Today’s Milwaukee Journal Sentinel provides additional insights into the alleged fraud committed by Koss Corp. VP of Finance Sue Sachdeva. Initially the fraud was estimated at $4.5 million, but that was quickly revised upward to more than $20 million. It is alleged that Sachdeva spent millions in corporate funds on clothing, jewelry, and other items.
My comments in the article:
The situation has left investors and others wondering how a company as small as Koss, with sales of $38 million in the most recent fiscal year, could have lost so much money without anyone’s noticing. The embezzlement came to light, according to the federal complaint, after American Express alerted Koss that money was being transferred from a company bank account to pay Sachdeva’s multimillion- dollar charges for clothing and jewelry.
Executives at Koss, or members of the board of directors, should have noticed the diversions, Tracy L. Coenen, a certified public accountant who specializes in forensic accounting and fraud investigation, said Monday. If Sachdeva spent millions on herself, as alleged, the financial statements should have looked unusual, Coenen said.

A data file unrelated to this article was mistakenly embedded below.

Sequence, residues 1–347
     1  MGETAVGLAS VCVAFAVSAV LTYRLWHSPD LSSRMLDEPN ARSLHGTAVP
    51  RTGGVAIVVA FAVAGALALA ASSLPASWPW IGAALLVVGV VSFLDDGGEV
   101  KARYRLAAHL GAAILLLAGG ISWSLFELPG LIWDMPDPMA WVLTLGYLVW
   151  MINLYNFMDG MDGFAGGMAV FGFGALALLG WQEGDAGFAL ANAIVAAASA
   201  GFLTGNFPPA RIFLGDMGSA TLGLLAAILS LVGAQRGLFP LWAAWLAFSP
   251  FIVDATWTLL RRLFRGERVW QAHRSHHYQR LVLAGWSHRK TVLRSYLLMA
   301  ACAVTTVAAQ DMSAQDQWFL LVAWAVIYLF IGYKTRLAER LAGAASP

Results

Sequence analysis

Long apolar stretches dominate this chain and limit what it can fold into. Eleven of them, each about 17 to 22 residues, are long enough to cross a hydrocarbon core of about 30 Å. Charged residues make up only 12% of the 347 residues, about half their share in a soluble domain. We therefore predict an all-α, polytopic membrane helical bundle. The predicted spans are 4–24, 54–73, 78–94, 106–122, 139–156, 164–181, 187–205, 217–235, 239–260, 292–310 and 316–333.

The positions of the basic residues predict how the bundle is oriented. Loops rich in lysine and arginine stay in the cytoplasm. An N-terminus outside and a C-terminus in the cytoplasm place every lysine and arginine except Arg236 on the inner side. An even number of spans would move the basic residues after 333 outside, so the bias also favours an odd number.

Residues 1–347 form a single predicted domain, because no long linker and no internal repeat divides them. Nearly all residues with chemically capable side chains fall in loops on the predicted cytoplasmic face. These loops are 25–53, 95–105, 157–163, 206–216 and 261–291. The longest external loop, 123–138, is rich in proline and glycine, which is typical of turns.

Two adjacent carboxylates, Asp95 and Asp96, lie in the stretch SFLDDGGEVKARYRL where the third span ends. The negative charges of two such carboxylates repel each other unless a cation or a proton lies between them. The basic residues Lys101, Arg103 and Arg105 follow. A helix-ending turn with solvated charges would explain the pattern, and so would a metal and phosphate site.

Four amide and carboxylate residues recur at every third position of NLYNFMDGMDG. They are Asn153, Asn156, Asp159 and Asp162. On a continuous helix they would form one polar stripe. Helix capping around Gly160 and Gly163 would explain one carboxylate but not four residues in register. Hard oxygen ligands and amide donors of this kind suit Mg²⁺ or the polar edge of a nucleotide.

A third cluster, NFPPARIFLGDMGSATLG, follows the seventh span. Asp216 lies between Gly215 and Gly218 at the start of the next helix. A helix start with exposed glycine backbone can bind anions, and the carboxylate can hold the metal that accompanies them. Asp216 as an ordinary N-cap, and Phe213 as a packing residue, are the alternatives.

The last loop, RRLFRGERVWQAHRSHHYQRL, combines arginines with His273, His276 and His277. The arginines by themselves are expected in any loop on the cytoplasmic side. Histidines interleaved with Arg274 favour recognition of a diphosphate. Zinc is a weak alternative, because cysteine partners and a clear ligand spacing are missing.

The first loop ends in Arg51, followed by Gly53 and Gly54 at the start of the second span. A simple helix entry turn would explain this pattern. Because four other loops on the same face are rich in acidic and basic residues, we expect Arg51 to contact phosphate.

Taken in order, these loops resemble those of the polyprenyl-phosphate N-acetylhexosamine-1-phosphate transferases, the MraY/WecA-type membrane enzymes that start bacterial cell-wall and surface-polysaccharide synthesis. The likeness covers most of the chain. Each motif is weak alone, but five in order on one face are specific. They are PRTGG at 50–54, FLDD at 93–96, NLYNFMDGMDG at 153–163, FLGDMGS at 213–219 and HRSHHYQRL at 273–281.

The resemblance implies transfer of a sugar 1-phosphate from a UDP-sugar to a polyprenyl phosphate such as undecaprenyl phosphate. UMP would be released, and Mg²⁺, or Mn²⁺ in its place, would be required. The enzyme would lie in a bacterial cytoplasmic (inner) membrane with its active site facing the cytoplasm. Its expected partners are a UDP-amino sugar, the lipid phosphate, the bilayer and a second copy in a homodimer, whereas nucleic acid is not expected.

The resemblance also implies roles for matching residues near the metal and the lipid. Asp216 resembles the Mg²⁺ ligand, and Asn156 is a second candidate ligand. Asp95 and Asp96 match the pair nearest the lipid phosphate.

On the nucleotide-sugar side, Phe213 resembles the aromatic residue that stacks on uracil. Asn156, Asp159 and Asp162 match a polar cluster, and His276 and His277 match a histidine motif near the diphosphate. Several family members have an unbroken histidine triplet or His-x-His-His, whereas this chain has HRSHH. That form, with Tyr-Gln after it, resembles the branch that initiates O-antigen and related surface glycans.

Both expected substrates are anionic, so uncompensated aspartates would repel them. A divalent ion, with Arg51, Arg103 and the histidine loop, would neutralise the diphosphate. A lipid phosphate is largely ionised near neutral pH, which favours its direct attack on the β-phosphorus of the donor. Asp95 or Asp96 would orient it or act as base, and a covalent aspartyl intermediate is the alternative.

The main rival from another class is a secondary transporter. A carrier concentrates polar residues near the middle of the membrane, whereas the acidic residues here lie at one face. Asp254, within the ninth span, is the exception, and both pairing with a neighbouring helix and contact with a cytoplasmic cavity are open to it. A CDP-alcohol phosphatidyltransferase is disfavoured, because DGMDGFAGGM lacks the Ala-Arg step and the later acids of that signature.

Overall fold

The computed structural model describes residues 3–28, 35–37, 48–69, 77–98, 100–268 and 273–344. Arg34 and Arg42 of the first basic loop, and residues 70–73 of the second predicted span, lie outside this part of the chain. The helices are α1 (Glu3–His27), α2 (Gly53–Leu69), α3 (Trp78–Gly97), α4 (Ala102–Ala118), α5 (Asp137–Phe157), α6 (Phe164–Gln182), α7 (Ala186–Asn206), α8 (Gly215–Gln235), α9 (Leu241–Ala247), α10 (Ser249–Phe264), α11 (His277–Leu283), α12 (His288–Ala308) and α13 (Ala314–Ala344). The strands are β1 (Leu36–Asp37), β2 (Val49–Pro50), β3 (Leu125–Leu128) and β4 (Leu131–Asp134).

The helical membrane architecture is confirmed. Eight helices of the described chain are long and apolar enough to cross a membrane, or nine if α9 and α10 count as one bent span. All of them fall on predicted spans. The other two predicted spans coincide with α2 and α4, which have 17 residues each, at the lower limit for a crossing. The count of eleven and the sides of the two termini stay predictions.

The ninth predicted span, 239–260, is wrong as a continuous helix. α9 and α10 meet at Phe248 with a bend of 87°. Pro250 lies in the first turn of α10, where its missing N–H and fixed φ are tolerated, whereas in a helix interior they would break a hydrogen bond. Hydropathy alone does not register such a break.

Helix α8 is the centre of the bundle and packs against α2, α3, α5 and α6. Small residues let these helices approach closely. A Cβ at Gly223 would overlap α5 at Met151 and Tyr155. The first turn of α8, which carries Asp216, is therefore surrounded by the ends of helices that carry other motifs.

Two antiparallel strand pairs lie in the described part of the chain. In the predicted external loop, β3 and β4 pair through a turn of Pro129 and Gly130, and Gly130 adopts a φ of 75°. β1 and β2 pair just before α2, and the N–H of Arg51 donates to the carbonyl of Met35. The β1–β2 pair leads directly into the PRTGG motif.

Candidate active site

“It’s likely that her spending was dumped into cost of goods sold, a line item which can vary with market conditions,” Coenen said. “Nonetheless, the other executives at Koss should know enough about their own business and the market conditions to question whether cost of goods sold looks higher than it should.”
And on the issue of why the annual financial statement audits didn’t find the fraud:
Koss Corp. does have its books audited annually by an outside firm, Grant Thornton. But traditional financial-statement audits are unlikely to detect embezzlement, Coenen said. She said audits aren’t designed to uncover fraud and that the auditors wouldn’t know enough about the business to seriously question the variances in expenses caused by a scheme such as the one that Sachdeva allegedly engineered.
Because of its size, Koss hasn’t been required to have its outside auditor assess the effectiveness of the company’s internal controls over its financial reporting. Grant Thornton’s annual statements specify that Koss did not contract with the accounting firm to conduct such reviews.